MenagerieRant & Rave: Yeezus
Rant & Rave: Yeezus
July 14, 2013
July 14, 2013

Kanye West is a god… or so he declares. That being said, West will not allow anyone to outdo him and that includes his own newborn. Three days after the birth of his daughter, North West, he releases Yeezus.  This is his sixth solo album following 2010’s My Beautiful Dark Twisted Fantasy. West takes many forms throughout the album. He raps like truth in songs like New Slaves and Black Skinhead he plays preacher in an anti-abortion anthem, Blood on the Leaves, and there is the self explanatory proclamation, I am a God. West’s ego made this album but can it carry it?

The album leads with On Sight, the song begins almost trying to find its own sound. It’s more of a tease than a torture to listeners who still have to wait an extra few seconds before knowing what version of Kanye they are getting. West announces his return with the line “The monster’s about to come alive again” in a track of Daft Punk synths.

Yeezus continues with a threesome of tracks that have held majority of the media’s attention during the album’s release. First is Black Skinhead which some may have unknowingly heard being used in a trailer for Martin Scorcese’s new film, Wolf on Wall Street. The infectious drum beat starts the song with West rapping about jungle fever. Possibly drawing from his real life relationships, he speaks on the troubles of a black man dating a white woman. The third track in this the trio is New Slaves. It was the first song to be released therefore garnering most of the built up attention of people. He begins talking about the old slaves, those who picked cottons in the field as he mentions. Then there is rich black man racism, the anti-superiority rant is filled with luxury name dropping and Adam Sandler references.Sandwiched between the two tracks is the infamous I am a God. The song is what is expected being very egotistical. West mentioned that the song was a diss to an unnamed fashion brand. The brand invited West to their show on the condition he would not attend any other. Angry Kanye then outlets that no one can tell him nothing in the most elaborate and over-the-top manner.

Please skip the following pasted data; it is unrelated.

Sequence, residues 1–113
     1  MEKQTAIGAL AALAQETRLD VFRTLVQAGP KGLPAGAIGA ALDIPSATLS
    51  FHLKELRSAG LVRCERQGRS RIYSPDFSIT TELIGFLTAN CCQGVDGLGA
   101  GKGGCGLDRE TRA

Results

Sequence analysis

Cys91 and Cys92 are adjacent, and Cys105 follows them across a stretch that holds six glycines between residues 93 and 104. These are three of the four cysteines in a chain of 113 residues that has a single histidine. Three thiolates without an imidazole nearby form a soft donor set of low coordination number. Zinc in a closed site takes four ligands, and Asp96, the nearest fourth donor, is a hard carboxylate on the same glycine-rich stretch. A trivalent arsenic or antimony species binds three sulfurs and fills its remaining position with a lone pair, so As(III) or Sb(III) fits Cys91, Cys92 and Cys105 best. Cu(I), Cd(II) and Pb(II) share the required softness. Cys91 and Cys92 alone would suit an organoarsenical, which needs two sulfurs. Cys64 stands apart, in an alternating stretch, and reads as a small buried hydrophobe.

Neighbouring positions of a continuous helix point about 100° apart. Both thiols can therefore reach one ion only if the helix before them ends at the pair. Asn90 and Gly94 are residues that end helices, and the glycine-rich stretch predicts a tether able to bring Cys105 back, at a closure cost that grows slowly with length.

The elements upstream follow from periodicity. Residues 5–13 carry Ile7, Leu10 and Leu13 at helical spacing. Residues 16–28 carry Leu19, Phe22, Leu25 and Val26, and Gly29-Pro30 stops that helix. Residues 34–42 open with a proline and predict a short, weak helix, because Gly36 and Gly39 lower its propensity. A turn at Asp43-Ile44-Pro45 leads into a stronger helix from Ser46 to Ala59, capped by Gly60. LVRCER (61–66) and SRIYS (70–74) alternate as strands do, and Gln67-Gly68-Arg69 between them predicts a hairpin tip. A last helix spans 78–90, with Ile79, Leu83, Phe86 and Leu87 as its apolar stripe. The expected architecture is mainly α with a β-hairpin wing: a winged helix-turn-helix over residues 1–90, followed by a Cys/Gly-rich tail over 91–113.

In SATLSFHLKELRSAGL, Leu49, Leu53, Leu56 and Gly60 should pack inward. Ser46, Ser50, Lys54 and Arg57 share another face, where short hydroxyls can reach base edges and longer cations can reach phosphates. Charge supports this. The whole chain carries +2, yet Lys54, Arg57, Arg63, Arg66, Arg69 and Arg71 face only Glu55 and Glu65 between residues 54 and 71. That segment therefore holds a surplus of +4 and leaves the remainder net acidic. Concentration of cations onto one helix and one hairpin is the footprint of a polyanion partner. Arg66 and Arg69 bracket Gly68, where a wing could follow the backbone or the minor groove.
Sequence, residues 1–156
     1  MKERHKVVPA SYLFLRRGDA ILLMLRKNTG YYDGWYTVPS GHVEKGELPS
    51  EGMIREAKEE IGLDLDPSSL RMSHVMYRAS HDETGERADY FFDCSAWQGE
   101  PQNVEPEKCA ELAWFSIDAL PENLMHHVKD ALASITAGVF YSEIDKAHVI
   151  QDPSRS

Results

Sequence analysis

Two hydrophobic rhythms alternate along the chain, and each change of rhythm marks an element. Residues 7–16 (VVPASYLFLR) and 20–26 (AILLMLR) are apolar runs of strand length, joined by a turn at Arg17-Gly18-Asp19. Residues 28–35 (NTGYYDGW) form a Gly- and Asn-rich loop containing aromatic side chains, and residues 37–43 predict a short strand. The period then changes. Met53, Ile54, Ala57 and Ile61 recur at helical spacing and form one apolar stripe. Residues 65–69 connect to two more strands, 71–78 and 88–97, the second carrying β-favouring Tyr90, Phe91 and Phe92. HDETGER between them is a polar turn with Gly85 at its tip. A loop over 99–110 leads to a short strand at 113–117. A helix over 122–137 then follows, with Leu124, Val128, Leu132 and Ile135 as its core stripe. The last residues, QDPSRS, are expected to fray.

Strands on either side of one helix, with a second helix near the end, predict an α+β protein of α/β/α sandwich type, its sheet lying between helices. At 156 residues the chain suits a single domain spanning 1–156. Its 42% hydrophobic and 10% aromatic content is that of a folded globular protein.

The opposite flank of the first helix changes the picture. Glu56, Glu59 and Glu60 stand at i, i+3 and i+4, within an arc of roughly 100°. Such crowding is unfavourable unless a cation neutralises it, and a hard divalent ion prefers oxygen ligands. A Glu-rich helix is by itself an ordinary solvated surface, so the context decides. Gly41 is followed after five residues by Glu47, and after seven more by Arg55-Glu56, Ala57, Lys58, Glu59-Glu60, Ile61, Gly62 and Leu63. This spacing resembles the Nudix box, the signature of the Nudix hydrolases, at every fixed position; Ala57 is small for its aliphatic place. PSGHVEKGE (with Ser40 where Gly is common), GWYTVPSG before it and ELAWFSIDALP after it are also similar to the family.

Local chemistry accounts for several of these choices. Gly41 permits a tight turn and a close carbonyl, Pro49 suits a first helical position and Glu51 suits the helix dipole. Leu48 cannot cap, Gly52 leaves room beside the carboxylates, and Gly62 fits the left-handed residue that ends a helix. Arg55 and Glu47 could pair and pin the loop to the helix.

Other songs such as Guilt Trip and Hold my Liquor depict a more human West. He talks about his relationships with women in the past. The scattered beats of both songs make for a mess of a sound and it feels right that it was made by man with a mic in one hand and a bottle in the other.

Blood on the Leaves emphatically steals away the album. It does this so abruptly that it requires multiple listens to feel its full effect. About a minute in you are more of faced than greeted with horns and a bass that carry you throughout West’s lyrics.

It has been around seven months short of a decade since Kanye West played college dropout in his debut album. He has transformed himself in each album but does not forget to pick certain things up along the way. Yeezus does have the classic addicting hooks found in past West albums in songs like Bound 2. It also has  absurd yet comedic lyrics with tracks like I’m in it. The one downside found in the album though is a glaring one. The album lays itself out to be too niche. It may fail those who come to listen to it with expectations of Kanye of old. It may lose new listeners not interested in the obnoxious lyrics and overly complex sound. Though it can be deemed near unlistenable to people, there will be a small few that praise the album’s genius. This writer finds himself among those small few.

Rating: 3.0


Illustration from Mcveigh Designs